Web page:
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Organizing the Cambridge Public School CS Playground



 

Last June, Cambridge Public Schools offered all sixth-grade students an opportunity to participate in a variety of computer science experiences in what they called a “CS Playground.” The event was formed in efforts to highlight their commitment to increasing Computer Science learning for ALL students. 

Organizers designed the program around the following goals:

  • Expose students to computer science concepts and ways of thinking
  • Spark an interest in computer science topics for students of differing backgrounds
  • Create connections among students, community members, and educators

At the event, which was hosted during the school day, Students spent two hours rotating through rooms with different types of computer science experiences. CPS used the analogy of a 'playground,' in the hopes that students would be able to self-select an activity in each room, socialize with peers and community partners, and be hands-on in their experiences with computing.

We reached out to organizers Gina Roughton and Ingrid Gustafson to learn more about the 'What, Why, and How' of the event, in hopes that their model could be shared and remixed by others. Here's what we learned:

What inspired you to create the event?
 

Gina: I had a discussion with our superintendent about how to increase opportunities for Computer Science for ALL students.  We talked about the Hour of Code model in December and how it’s accessible to teachers, discussed critical points in the K-12 scope when students should be exposed to computer science concepts, and reviewed the recently updated Massachusetts State Digital Literacy and Computer Science standards. These are two of the Guiding Principles from that updated standards framework we focused on when developing these events:

 

Guiding Principle 1: Learning
Digital Literacy and Computer Science ideas should be explored in ways that stimulate curiosity, create enjoyment, and develop depth of understanding.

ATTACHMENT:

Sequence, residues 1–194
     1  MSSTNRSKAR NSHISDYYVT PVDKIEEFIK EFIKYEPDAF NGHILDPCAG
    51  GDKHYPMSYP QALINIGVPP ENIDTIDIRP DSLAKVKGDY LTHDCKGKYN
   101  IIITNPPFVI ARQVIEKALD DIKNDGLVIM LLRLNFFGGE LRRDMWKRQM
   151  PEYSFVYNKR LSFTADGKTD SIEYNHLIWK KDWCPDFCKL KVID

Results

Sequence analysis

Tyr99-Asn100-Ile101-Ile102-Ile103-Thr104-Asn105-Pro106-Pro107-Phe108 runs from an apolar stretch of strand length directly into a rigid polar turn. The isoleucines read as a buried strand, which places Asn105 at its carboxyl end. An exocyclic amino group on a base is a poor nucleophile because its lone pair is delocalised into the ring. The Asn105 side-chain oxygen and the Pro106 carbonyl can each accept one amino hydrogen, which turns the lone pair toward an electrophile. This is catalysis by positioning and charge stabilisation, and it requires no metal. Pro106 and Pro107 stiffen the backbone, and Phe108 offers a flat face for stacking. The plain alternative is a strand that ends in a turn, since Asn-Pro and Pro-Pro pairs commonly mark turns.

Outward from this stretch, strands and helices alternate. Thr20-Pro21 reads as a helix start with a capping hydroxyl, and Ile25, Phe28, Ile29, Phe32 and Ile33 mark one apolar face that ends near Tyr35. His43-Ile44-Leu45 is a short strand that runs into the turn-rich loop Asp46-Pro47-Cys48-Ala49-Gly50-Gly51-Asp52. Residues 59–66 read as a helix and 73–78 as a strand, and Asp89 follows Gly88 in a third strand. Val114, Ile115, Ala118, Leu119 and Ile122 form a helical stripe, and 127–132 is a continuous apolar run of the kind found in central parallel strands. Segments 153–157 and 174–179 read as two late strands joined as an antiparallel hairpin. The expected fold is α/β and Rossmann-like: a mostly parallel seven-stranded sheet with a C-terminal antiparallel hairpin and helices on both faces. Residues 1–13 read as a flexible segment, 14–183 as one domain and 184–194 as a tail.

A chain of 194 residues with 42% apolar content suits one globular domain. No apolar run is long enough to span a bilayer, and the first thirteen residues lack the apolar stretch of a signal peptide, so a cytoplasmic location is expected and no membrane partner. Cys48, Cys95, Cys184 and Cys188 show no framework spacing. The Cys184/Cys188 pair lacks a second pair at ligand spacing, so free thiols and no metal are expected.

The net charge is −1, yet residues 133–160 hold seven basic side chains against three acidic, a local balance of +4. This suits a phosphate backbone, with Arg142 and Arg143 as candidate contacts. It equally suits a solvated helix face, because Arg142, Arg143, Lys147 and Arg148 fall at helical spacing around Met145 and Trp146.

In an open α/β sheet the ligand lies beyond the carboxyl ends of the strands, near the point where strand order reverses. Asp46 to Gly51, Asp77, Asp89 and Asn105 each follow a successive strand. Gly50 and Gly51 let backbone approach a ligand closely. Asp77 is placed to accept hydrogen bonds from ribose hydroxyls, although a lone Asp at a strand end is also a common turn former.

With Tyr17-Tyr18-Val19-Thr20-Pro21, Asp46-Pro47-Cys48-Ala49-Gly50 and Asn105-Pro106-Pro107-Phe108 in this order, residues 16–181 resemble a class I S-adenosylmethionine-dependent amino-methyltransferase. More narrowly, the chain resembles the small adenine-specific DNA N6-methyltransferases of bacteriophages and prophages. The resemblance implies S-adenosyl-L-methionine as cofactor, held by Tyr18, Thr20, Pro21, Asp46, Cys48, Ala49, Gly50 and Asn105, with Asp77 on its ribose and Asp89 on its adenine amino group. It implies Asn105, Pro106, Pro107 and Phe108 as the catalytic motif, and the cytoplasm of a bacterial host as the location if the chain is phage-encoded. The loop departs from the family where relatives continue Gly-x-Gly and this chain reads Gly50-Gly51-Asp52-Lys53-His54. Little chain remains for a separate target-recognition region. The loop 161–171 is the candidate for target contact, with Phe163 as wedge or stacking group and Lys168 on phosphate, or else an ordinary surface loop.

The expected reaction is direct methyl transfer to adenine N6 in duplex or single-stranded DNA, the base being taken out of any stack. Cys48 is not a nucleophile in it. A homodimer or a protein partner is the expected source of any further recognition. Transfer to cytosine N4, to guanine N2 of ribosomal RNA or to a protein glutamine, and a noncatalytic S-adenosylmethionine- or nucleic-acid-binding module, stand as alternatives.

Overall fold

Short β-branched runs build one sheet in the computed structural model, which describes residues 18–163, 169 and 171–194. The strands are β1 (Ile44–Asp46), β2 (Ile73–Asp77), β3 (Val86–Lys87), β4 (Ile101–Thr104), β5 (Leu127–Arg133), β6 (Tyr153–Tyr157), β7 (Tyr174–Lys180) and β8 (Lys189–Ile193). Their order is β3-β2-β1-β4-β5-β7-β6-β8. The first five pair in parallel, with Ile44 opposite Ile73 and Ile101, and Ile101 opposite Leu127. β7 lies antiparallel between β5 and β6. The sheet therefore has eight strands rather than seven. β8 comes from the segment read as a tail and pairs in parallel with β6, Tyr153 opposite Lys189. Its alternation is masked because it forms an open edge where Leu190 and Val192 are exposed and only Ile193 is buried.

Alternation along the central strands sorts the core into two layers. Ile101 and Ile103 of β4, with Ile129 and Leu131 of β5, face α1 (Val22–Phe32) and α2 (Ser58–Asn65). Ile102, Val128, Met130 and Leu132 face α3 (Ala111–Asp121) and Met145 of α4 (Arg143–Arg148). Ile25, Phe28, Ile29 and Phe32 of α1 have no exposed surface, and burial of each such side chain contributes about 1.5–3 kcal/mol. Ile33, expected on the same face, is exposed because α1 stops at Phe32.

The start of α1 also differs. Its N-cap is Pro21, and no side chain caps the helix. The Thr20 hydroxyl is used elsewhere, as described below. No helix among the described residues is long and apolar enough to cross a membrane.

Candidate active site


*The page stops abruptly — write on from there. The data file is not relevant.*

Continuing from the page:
Guiding Principle 2: Equity
All students should have a high-quality digital literacy and computer science program that prepares them for college and a career.
 

How did you decide on the structure?

Gina: Ingrid, myself and Liz Miller, an intern from the Harvard Graduate School of Education had a brainstorm session about what it could be and what the goals of the experience would be for students. We shared priorities such as having fun, being hands-on, and connecting with the community. We also met with Sharlene Yang, Cambridge STEAM Initiative Director, who has run several city/community events to gain insight on best practices to partner with community members.  

 

We brought the framework to the Upper School principals to get their input on the goals, feasibility, and to garner support.  That conversation solidified an offering to support 6th-grade students with a block of 2 hours in late June. Considering our capacity (at this point just 3 of us) we decided to host the events at each of the schools with a minimal ask of the teachers. The room themes came together over weeks of planning, fails, replanning, and ultimately asking for “all hands on deck” from the ICTS department.

 

How did you feel the event went overall? 

Gina: Overall, we received positive feedback from all involved - teachers, community partners, principals, and most importantly students. The ICTS staff enjoyed working in new ways with the students. Many teachers commented on how engaged students were for the end of the year. Community partners were excited to connect with our students.

 

What is your advice for other educators who are interested in running a similar event?

 

Gina: Start early! We learned the hard way that when coordinating with community partners you need to ask months in advance to secure availability on their schedules, even if all the details aren’t finalized. Also, it was very evident that hands-on was key for engagement. For our students, hands-on meant more than just interacting with a computer.  The highest rated activities involved opportunities for students to take apart and/or build, or interact with a robot :)

 

Digital Resources from Events

Ingrid: Here are some resources from the event! Remix them!

Cambridge CS Playground Google Site

CPS Playground Logo

Sample Introduction Slides from Events

Sample Student Program & Feedback

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